Friday, May 1, 2020

CPA Exam Sections: What's the Best Order to Take Them?

Usually, some of the first and most frequently asked questions CPA Exam candidates ask include:
  • In what order should I take the sections of the CPA Exam?
  • Which section should I start with?
  • Which section is the easiest (hardest)?

This is all relative and depends on how comfortable you are with the materials, when you last learned the subjects in school, and if you encounter these subjects at work regularly (such as tax or audit). You can start with your toughest subjects to get them over with and to not let your credits expire. Or, you can build confidence and momentum by taking and passing your easiest part first.

One of the most popular recommended orders used to be: BEC-AUD-REG-FAR or B-A-R-F (get it, barf?). The idea behind this sequence is that your knowledge of the subject matter for each section builds and leads into the next section. You are more likely to remember what you studied on the last part and it would reduce your study time for the next parts.

It looks like that theory is less popular these days, as both Wiley and Becker recommend the order: FAR-AUD-REG-BEC or F-A-R-B. According to them, the research shows that FAR is the hardest part because it covers the most material. They also feel that the subject matter of BEC is the easiest to handle for most candidates.

My original plan this go-round was to take what I THOUGHT would be my hardest to easiest sections in the order: BEC-REG-FAR-AUD. After taking the Exam, I found the ACTUAL order of hardest to easiest sections for me was: REG-FAR-BEC-AUD. Surprisingly, I had to study an excessive amount to pass REG (and I failed it once). And funny enough, I ended up passing them in the order of B-A-R-F.

Here is how I studied for each part, and the reasons why I took them in this order:

BEC: Passed.
I took BEC first since that is the section I always seemed to have a hard time with. I watched all the Wiley videos and did all the knowledge check questions (true/false) at the end and the multiple-choice questions for each part. Then, I did the Task-Based Simulations (TBSs) when I got to the end of each section. I used the app's flashcards and flashcard quiz, and the paper flashcards. Even though I had work experience with budgets and cost accounting, I still looked up any concepts that I needed to reinforce or could not remember from school. I used Wiley’s Focus Notes to review the concepts throughout my studying and as a final review the day before the Exam.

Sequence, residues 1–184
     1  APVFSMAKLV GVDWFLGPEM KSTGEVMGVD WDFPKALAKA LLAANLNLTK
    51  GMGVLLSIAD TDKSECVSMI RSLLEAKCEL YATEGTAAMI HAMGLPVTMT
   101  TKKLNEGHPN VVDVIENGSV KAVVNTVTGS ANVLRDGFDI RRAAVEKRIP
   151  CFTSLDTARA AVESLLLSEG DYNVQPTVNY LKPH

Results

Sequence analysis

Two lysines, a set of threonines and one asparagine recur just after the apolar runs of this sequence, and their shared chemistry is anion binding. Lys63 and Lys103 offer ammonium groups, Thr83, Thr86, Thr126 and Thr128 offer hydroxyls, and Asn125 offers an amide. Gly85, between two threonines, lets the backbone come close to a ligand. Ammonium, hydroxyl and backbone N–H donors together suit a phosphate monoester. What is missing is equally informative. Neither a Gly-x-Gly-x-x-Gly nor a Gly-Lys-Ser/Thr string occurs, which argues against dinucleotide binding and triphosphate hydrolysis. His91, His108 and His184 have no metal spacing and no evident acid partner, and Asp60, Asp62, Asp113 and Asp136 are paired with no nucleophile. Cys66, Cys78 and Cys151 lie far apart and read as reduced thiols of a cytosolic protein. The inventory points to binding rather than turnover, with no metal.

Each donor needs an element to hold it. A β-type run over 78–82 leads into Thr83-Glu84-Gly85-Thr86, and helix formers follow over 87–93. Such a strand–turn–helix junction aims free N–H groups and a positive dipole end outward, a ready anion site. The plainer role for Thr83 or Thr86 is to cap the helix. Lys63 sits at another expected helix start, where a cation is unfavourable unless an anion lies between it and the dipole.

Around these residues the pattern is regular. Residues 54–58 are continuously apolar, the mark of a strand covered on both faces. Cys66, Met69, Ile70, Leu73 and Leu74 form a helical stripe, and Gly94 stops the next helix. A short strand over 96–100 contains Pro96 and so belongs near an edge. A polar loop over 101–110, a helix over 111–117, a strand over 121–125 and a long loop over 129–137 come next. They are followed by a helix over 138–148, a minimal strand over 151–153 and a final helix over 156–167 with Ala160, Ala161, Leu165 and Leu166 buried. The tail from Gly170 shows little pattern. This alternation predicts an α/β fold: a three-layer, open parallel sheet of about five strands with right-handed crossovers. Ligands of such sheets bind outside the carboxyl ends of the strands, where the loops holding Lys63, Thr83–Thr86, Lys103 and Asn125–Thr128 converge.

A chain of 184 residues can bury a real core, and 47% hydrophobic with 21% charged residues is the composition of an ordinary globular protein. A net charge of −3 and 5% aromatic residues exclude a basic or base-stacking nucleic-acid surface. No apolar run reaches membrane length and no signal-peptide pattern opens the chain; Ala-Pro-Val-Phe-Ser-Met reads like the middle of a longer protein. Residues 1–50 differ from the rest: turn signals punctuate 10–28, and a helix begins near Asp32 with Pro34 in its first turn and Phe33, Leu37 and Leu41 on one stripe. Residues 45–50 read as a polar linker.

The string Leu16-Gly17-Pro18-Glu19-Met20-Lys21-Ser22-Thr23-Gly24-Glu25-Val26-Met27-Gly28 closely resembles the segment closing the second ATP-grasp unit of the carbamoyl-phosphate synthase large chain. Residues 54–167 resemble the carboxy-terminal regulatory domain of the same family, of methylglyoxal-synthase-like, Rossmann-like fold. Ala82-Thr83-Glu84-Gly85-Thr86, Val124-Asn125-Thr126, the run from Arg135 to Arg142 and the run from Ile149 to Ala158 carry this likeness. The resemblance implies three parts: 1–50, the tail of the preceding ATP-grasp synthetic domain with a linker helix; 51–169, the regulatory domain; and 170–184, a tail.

REG: Failed.
I took REG next because I wanted to get it done before the TCJA (Tax Cuts and Jobs Act of 2017) went into effect. I usually like the Law sections but found studying it this time to be tedious. The result was not great.

AUD: Passed.
I took AUD next because I needed a confidence boost. I have always loved Audit, worked as an auditor, and understood the concepts (maybe there is something wrong with me??). I took a similar approach to BEC (above) but with much less studying. I was glad I did not need to study that much.

REG: Passed.
Studying for REG was like studying for BEC (above), but with even more study effort. This time, to make sure I passed, I also used Wiley's Mentoring feature (where the professors explain the answers to student questions) and their Virtual Class Sessions. And I went through the flashcards to try to memorize many of the concepts. I think these study aids helped a lot and made a huge difference.

FAR: Passed.
Like BEC (above), but I did not have as much time to study. I was forced to take this part before I lost credit for BEC, and this was while Covid-19 was getting started here in NY. Like REG (above), I used the Mentoring feature, but I did not have enough time to watch the Virtual Classes. I used the app a lot to do questions and review flashcards. I even purchased a new GAAP textbook and referred to it for many of the modules. I highly recommend reviewing the GAAP hierarchy, so you are familiar with the layout (either in your CPA Review software, review text, online or in a reference book).  

Which CPA Exam section did you start with or hope to start with? Hopefully, my experience can help you with your studying for the CPA Exam. Good luck!

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